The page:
When World War II ended in 1945, those nations officially established the United Nations—again pledged
to maintain peace throughout the world—even if it meant committing their armies to defeat an aggressor.
Prominent among those nations were the United States and the Soviet Union. Soon after, it became apparent
that the Soviet Union was bent on aggressive expansion, as they took over nation after nation in Eastern
Europe. Meanwhile, they established allies in China, Yugoslavia and North Korea.
After World War II, Korea, a remote, primitive peninsula just west of Japan, was split at a centerline
into The People's Democratic Republic of North Korea (theirs) and the Republic of Korea (South) (ours).
Korea had been a captive of the Empire of Japan for over 40 years when World War II ended. The division,
established by the United Nations, was along an imaginary line girdling the globe, the 38th Parallel in
longitude. (Special notation: Because it sounds so remote, ask if any in the audience if they know where
the 38th parallel is. Answer: it runs through Missouri about 30 miles south of St. Louis, about Old Mines,
MO). The idea of dividing Korea was that for about a year the United States would occupy the south and the
Soviets the north, until there were stable governments in place, then there would be free elections and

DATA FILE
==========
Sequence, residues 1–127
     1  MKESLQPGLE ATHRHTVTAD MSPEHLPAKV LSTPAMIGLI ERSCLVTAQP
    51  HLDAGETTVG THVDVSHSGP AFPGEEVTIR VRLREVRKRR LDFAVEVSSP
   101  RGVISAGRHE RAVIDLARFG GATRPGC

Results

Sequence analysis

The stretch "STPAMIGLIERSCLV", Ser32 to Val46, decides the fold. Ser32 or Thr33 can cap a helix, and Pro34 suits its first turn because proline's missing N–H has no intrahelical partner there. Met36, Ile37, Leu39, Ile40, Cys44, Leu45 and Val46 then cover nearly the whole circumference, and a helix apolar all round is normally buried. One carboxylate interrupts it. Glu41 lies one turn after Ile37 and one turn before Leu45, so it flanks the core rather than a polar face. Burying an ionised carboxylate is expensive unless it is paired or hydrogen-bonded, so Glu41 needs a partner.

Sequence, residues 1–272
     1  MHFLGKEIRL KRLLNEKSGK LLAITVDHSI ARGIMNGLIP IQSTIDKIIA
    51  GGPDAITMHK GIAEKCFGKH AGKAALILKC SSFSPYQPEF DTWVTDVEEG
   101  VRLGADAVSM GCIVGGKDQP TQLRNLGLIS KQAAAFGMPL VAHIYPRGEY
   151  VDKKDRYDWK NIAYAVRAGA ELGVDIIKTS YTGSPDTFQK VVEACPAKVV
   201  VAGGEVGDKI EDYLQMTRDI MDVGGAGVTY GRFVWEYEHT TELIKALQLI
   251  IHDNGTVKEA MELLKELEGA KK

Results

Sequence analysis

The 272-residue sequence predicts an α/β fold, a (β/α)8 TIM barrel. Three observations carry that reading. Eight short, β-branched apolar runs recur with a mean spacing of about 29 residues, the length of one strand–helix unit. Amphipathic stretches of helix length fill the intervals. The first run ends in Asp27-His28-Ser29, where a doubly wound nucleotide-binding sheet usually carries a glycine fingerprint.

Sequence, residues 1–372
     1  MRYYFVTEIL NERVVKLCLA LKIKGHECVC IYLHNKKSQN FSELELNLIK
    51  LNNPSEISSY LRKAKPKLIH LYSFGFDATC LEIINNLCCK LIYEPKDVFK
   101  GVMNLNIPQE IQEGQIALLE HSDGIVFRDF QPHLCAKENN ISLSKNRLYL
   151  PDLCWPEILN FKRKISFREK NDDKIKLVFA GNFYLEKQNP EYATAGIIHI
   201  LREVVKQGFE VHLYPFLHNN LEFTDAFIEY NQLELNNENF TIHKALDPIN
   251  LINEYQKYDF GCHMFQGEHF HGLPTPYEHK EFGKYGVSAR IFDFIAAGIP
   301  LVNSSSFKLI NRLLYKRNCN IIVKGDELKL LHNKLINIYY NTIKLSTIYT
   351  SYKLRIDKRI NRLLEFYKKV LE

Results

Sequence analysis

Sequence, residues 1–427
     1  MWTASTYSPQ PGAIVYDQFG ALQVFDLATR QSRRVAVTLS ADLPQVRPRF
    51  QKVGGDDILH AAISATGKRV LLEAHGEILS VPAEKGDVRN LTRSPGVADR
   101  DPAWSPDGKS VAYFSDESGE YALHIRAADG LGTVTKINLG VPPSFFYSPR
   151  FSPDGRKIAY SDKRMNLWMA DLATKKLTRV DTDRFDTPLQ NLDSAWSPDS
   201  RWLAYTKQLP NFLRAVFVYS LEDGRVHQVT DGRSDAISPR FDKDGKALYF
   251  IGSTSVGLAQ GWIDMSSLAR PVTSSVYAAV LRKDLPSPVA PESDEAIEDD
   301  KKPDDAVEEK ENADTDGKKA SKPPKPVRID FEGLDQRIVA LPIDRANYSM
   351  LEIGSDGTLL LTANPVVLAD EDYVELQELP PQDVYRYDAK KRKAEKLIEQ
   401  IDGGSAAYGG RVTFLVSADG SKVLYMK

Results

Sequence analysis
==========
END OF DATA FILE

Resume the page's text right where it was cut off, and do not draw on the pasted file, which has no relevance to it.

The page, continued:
the country would be reunited. But, the North Korean (PDRK) government, under a despot named Kim IL Sung,
was as totalitarian and vicious as the Japanese and Nazis had been a decade before. They balked at any
attempts to unite the peninsula unless they were the dominant rulers. So the status quo continued, month
after month. In 1948, the foreign troops were withdrawn, and the two separate governments were
legitimized—the Republic of Korea (ROK) in the south, and the People's Democratic Republic of Korea (PDRK)
in the north.
Then in a policy speech in 1950, the US Secretary of State, Dean Atchison, inadvertently indicated that
the United States considered its sphere of protection ended at Japan and Taiwan. Hearing this, the Soviets
and Kim IL Sung thought the Americans had opened the door for the aggressive reunification of Korea.